This review is part of the AWW2017 Challenge
In the opening pages of Myfanwy Jones’ Leap, an unnamed young woman with cropped black hair – ‘ruffled and glossy – an animal’s pelt rippling to be touched’ – appears on Joe’s doorstep inquiring about a room to rent. She arrives while Joe’s roommates, Sanjay and Jack, are out, and in the closing days of autumn – an interstitial season – when ‘the air is like blood: it is hard to sense where the body ends and the atmosphere begins.’ Her appearance on the doorstep – the space between inside and out – disrupts Joe’s solitude, his contemplation, and even time itself. After a brief, uncanny conversation in which we discover she is a night-shift nurse, Joe offers her the room. Soon after they begin a secret affair, only ever meeting in the quiet of pre-dawn darkness; a fleeting twilight in which they exchange scented memories, soft promises, and whispered conversations of the broken bodies she has nursed that night.
Leap – described in its blurb as an urban fairytale – exists in a succession of these twilight worlds. Its universe is one of in-betweens and precarious stasis. Broken into three sections (Running, Climbing, and Jumping), the novel centres on the lives of two individuals – twenty-something Joe and middle-aged Elise – who are connected by the novel’s central absence: Joe’s lover and Elise’s daughter Jen who died three years earlier.
At the beginning of the novel Jen exists just outside of the reader’s reach, like a whispered vapour brushing the fingertips before it evaporates. Yet, over the course of the novel, the faint outlines of her character begin to emerge line by line until she appears, almost fully-formed, almost tangible, in front of us as an image of who she once was. We come to know her as the thing through which Joe and Elise remember her: as a photograph; intriguing, brilliantly layered and colourful, but nevertheless two-dimensional and always partially absent.
Leap captures this partial absence through Joe and Elise’s physical experience of grief: through their process of running, climbing, and jumping. For Joe this takes the form of non-stop menial work and intensive Parkour training; for Elise of visiting the tigers at the Melbourne Zoo each week, an activity that evolves into her producing elaborate paintings of the animals. Each holds their memory of Jen in different ways: Joe in what is left of her Facebook profile and in the fading memory of their physical intimacy; Elise in conversation and in the relations that Jen had with her father and with her godmother. As these mediated memories of Jen become more and more difficult to hold on to – as she fades for Joe and Elise even as she becomes more solid for the reader – Joe and Elise’s unceasing motion becomes increasingly intense and urgent.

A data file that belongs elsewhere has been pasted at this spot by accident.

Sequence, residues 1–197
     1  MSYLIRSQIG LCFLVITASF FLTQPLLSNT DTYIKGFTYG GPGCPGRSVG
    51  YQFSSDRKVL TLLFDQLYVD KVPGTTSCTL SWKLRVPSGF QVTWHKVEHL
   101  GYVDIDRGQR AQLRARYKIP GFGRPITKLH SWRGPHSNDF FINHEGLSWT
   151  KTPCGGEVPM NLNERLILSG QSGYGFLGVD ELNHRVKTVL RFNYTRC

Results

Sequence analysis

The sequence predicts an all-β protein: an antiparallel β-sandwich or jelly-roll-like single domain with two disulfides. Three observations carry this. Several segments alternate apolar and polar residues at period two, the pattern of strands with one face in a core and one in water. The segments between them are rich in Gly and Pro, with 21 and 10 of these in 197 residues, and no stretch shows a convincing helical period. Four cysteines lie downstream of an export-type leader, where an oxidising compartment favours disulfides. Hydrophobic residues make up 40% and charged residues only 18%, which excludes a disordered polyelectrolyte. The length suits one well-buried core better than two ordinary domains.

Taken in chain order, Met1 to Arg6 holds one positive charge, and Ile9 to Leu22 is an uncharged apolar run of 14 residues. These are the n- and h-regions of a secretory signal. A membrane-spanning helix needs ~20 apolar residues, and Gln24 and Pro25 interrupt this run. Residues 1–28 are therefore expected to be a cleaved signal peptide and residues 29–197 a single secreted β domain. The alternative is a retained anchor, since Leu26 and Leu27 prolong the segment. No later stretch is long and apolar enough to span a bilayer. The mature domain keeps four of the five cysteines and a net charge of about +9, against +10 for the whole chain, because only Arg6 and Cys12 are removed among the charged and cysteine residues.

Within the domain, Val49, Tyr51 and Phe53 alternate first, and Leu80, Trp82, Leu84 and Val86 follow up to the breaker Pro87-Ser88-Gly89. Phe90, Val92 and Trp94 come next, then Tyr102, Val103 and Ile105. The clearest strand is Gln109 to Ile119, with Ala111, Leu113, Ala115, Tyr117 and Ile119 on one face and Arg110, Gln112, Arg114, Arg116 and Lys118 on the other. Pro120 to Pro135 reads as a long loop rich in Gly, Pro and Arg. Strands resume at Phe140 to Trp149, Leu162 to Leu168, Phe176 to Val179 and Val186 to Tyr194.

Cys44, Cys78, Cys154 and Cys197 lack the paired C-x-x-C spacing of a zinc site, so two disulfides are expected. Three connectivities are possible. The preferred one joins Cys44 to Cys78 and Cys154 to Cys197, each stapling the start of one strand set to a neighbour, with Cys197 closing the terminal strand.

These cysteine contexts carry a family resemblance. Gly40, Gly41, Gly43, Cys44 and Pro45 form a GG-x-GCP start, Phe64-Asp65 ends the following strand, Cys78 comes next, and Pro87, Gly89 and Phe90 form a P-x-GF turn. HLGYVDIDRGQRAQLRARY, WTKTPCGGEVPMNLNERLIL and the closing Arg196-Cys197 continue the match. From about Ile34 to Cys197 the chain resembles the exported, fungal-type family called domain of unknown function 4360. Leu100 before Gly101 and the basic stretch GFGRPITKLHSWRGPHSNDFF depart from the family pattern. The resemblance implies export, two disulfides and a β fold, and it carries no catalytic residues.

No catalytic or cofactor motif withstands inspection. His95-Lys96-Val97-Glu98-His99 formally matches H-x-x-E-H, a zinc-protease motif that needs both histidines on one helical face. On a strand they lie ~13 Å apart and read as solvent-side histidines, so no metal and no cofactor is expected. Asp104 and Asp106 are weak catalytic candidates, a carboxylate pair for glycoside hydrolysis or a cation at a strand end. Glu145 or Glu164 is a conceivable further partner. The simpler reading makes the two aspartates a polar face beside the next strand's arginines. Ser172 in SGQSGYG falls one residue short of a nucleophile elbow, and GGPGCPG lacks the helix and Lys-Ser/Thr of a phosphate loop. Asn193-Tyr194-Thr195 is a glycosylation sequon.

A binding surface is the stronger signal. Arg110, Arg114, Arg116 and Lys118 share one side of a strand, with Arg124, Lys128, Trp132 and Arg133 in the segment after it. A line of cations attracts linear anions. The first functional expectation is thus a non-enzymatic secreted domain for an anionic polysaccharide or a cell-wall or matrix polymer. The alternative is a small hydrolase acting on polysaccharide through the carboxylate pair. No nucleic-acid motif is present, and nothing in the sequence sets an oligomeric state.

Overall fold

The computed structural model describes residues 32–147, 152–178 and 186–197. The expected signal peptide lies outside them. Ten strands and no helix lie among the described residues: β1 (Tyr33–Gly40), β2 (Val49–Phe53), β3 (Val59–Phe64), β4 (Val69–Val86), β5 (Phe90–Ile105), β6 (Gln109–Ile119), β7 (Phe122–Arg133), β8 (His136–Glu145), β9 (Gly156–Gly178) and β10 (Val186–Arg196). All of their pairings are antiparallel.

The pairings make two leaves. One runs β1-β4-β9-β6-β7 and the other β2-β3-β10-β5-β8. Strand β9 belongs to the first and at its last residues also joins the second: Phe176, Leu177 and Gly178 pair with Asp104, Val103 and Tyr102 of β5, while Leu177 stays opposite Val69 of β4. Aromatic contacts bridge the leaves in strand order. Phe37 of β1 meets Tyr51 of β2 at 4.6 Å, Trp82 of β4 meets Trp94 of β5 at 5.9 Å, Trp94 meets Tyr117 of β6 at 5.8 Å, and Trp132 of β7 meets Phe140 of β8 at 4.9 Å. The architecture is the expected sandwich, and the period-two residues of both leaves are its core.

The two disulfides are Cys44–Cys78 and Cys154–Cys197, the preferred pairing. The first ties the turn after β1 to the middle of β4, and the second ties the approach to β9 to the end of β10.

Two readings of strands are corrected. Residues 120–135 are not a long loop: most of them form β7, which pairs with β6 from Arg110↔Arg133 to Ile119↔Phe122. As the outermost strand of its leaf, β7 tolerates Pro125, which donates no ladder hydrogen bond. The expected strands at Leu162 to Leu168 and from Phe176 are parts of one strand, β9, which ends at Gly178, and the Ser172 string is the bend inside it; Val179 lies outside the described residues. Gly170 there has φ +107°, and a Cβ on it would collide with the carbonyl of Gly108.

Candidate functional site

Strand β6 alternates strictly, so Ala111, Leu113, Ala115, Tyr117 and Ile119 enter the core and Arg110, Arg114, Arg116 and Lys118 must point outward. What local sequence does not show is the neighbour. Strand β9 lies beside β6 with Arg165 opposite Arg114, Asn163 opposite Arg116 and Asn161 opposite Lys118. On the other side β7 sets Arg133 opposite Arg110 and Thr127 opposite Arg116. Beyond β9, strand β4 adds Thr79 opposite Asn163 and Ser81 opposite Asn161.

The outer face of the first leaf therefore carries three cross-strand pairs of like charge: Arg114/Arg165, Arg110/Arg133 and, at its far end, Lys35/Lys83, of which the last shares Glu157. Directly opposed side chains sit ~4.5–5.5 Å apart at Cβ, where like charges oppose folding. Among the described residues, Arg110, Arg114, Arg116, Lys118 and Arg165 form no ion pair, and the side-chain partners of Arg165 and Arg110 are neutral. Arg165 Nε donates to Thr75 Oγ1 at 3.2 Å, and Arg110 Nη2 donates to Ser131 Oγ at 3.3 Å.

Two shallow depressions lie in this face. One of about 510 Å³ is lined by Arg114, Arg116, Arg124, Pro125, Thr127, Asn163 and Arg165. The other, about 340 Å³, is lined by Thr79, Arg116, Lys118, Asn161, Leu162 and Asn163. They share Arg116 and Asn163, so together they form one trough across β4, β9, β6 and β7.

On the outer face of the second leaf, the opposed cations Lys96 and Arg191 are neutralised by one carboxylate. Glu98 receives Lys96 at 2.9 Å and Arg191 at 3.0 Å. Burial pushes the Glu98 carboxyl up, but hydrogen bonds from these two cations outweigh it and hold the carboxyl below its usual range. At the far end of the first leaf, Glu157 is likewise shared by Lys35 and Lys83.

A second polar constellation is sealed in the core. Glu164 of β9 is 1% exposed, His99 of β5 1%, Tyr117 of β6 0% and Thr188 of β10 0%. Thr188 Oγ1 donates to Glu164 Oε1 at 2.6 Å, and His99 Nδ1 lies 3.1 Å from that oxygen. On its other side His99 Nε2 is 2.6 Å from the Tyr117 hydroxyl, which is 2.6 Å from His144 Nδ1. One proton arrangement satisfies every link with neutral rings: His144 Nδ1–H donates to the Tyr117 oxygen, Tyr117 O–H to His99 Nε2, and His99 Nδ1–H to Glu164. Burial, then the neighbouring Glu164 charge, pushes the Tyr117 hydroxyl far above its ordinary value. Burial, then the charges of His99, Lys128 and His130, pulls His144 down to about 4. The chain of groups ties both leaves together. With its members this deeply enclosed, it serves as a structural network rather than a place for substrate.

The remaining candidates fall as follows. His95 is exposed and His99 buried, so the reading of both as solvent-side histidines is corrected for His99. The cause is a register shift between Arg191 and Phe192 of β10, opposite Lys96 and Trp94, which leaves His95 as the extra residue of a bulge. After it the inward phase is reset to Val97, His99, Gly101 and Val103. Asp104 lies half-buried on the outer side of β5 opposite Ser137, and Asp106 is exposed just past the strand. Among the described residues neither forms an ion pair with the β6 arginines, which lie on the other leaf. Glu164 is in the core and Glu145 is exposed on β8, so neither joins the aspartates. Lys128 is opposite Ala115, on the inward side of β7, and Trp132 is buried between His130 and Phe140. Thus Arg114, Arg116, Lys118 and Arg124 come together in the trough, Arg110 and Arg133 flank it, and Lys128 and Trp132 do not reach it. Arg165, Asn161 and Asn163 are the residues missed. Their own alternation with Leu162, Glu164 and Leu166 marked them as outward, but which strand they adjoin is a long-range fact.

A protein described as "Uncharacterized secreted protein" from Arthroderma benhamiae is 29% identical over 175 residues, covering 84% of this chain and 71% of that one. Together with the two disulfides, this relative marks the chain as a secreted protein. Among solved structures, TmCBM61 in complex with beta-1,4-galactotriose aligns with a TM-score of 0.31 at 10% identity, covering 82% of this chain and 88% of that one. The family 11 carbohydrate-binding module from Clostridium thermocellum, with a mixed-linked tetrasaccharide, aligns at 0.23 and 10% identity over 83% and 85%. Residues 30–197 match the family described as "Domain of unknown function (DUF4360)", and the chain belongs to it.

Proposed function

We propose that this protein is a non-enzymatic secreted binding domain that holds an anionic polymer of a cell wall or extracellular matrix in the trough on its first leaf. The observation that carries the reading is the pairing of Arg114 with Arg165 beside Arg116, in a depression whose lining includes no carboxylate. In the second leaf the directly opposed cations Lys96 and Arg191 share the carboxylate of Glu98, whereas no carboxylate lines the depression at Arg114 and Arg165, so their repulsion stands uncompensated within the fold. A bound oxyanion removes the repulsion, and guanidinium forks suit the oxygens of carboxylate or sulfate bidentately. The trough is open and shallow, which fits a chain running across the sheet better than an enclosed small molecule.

This action plays out against the backdrop of Melbourne, and Leap is one of those rare novels in which its city becomes an important and well-defined character. It is Melbourne that both holds Joe and Elise apart – forcing them into a solitary journey of mourning on opposite sides of the city – and that draws them together in a shared ode to the memory of their loved one. It is Melbourne that provides them physical distraction from their pain, and burning reminders of past moments and experiences. It is Melbourne that holds them in the ever-immediate-past moment of memory, and that pushes them into the orbit of a plethora of other characters who help them to realise that a movement towards the future tense can only exist in an accepted relation to its past. And it is Melbourne – a city with a vibrant, pulsating inner life – that creates the very conditions of Leap‘s twilight-hued melancholic universe that enables Elise and Joe to press pause just long enough to say a proper goodbye.
It is difficult to write about death and grief – especially the death of a teenage girl and her parents’ and teenage lover’s grief – without falling into melodrama. Like most high-school romances, Joe and Jen’s was characterised by real, intense desire and feeling, and by difficult and at times immature handling of jealousy and hurt. The love for Jen that exists at the heart of this novel could easily have fallen into cliché and over-stressed emotion, but it does not. And that comes down to Jones’ deft handling of language.
Leap is a novel that aches quietly, that makes you feel pain before you understand what it is that you have lost. Jones holds her reader like a breath: keeping them suspended in a moment of confused anguish, and paused existence. And it is this experience – even more than her delightful cast of characters and genuinely moving tale of life, love, and grief – that makes Leap a pleasure to read. Ultimately, Leap – its title and final motion – is the exhalation that allows for the possibility of living in the wake of loss.